But letting things slide isn’t really in the spirit of the General Data Protection Regulation, the California Privacy Act, and several other privacy regulations. (As a smart person on our Sidechannel server put it, “GDPR does not have a blanket search exemption.”)

Unlike some earlier reports, Facebook is not arguing that Ad Observer violates its FTC consent decree, he told me. But the company has at least some good reason to prevent large-scale data scraping like that represented by researchers at NYU. The rise of Clearview AI, a dystopian surveillance company that built facial recognition in part by collecting publicly available photos on Facebook, made this case visceral this year.


As the fight between NYU and Facebook has turned ugly this week, I think there are some obvious (albeit difficult) ways forward.

One is that Facebook could extend its current data export tools to allow us to voluntarily contribute our data to projects like Ad Observer, but in an even more privacy-protective way. To hear Facebook say it, if NYU’s browser extension only collected a handful of data types less, that might have been acceptable to the business.

If you think users have the right to discuss their personal experiences on Facebook, I think you should also agree that they have the right to voluntarily provide personal data that speaks of that experience. By the nature of Facebook, anyone’s personal experience will also contain a lot of other data from potentially unwilling friends. But the company already allows me to export my friends’ data – when they tag me in comments, send me Facebook messages, etc. The company is already much closer to finding a way to allow me to share this information with researchers than it appears.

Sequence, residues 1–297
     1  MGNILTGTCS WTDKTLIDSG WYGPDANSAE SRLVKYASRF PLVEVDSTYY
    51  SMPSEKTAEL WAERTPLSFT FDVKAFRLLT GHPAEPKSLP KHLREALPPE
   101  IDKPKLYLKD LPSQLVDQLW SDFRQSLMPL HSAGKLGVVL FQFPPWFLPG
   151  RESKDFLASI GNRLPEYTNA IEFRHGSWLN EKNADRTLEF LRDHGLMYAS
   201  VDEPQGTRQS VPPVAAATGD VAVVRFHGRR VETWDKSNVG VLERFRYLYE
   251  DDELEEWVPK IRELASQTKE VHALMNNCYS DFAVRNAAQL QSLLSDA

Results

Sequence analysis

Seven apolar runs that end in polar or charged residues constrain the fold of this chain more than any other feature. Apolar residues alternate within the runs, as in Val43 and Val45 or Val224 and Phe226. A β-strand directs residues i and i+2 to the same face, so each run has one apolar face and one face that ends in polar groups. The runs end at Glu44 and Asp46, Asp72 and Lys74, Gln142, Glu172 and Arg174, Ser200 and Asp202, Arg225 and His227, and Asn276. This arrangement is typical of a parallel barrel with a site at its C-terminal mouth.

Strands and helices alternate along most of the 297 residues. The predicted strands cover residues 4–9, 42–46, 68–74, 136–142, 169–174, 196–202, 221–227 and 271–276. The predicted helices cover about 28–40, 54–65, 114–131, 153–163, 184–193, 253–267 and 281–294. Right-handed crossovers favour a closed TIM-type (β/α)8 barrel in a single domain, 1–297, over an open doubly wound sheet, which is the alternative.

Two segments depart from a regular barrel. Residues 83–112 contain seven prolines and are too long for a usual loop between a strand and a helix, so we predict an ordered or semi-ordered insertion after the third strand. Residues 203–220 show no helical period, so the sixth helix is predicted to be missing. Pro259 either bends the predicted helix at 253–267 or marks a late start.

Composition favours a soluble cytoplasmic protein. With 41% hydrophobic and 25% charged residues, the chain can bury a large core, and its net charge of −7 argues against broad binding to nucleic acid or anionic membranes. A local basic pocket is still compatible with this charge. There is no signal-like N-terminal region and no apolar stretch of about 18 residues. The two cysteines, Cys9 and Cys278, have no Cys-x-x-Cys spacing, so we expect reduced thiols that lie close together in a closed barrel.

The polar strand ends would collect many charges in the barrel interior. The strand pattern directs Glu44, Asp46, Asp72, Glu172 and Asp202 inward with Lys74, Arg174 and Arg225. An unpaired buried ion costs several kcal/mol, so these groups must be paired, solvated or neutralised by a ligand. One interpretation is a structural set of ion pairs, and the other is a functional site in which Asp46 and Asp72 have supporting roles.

Another option – rarely used in the United States – is for Congress to pass a law. It could draft national privacy legislation, for example, and create a dedicated exclusion for qualified academic researchers. This could force platforms to disclose more data in general, to academics and to everyone. It could create a federal agency dedicated to monitoring online communication platforms.

The alternative, as always, is to wait for the platforms to self-regulate – and be continually disappointed with the outcome.

The NYU-Facebook row was always going to end where we find it today: neither side had a good incentive to back down. But we all have reason to hope researchers and tech companies get along better. The stakes are too high for platforms to remain a black box forever.

“You would think they would be able to distinguish between the Cambridge Analyticas of the world and the bona fide, privacy-conscious researchers of the world,” Abdo told me. “If they can’t do it, then there’s really no hope of independent research on Facebook’s platform.”

If Facebook can’t – or won’t – make that distinction, Congress should do it for them.


This column was co-published with Platform, a daily newsletter on Big Tech and democracy.